I’m reading Song of the Lark by Willa Cather. It’s not her best, but if you love Willa Cather you will most certainly enjoy this. If you are a singer you will enjoy it a little more. It’s about a young girl from a small town in Colorado who is apparently going to become a big singing star. (I’m halfway through.)

It’s not about group singing, it’s about soloists, but there’s a brief mention of choral societies, which are my thing: “Those were the days when lumbermen’s daughters and brewers’ wives contended in song; studied in Germany and then floated from Sangerfest to Sangersfest. Choral societies flourished in all the rich lake cities and river cities.”

I enjoy reading about any experience of singing though, when the writer gets it. Cather seems to get it. She also wrote a short story about an opera singer. Was she a singer? Ah, I just read that she based the character from Song of the Lark on an opera singer she was friends with. She definitely felt a connection to singing in some way.

The best descriptions of singing I’ve ever read are in James Cain’s book Mildred Pierce, which is one of my favorite books, and not because of the singing. It’s a great book period. It’s not a noir book like his others. I just read it incorrectly described as “hardboiled” on Wikipedia. It isn’t hardboiled in any way, shape or form. I would beg everyone to give this book a try. It’s pretty perfect. It captures all the struggles of life, small and large, but Cain’s genius is in communicating enormous poignancy in the absolute smallest, most mundane moments. He also writes women very well in this book.

But Cain was very much into singing (you can tell). He was the son of an opera singer, one of his wives was an opera singer, and I just read that he wanted to be a singer but he was told he was not good enough. Hmm. I wonder if there’s a recording of him singing anywhere? PS: Even if you don’t like opera you will still love the descriptions of it in this book.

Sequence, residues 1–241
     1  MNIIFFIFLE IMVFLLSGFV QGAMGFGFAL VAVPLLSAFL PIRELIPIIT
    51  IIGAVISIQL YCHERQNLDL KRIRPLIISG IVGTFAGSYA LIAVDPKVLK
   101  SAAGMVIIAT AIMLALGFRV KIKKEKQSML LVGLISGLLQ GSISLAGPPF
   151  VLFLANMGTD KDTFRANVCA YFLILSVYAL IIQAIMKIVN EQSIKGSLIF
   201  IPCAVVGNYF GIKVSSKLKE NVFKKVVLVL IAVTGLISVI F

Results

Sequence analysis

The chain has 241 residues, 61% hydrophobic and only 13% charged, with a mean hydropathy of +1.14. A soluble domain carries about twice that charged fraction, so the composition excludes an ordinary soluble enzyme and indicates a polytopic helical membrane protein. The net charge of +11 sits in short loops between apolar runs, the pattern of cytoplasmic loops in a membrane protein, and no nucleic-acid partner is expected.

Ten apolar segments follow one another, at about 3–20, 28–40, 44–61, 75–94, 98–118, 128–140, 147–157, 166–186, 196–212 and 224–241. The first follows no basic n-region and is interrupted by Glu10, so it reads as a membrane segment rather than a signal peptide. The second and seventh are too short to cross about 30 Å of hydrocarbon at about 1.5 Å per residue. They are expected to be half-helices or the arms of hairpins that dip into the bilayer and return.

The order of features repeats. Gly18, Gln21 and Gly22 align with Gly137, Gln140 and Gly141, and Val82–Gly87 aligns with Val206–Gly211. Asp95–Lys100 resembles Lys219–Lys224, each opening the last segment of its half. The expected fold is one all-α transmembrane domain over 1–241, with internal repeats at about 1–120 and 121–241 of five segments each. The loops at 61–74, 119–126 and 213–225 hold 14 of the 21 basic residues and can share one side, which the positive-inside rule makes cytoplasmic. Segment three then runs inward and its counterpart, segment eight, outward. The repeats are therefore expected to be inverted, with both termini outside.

A solitary flower in a city garden, taken a couple of weeks ago. The soloist hanging in there when the season is over.

Solitary Autumn Flower, New York City

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A Great Genealogical Resource in New York

November 17th, 2014 Posted in Uncategorized | No Comments »

I recently visited the archives of the Episcopal Diocese of New York, and I just wanted to make some of their records more widely known. They have burial (and baptismal) records for people who were living and dying on Blackwell’s Island (and other places, but I was only looking into Blackwell’s Island).

As researchers already know, if you are trying to find information about the wealthy of NYC there’s a lot of information out there. But it can be very difficult sometimes to find the unfortunates who fell between the cracks.

I believe the Metropolitan Hospital was the new name for the Lunatic Asylum. If people were buried on Hart Island, New York’s Potter’s Field, that was noted as well. I thought this was important to make known because there are some gaps in the records for who was buried on Hart Island.

So if you are looking for someone who was destitute and you think might have ended up on Blackwell’s this is one place you might look.

Burial Records, Episcopal Diocese of New York

Episcopal Diocese of New York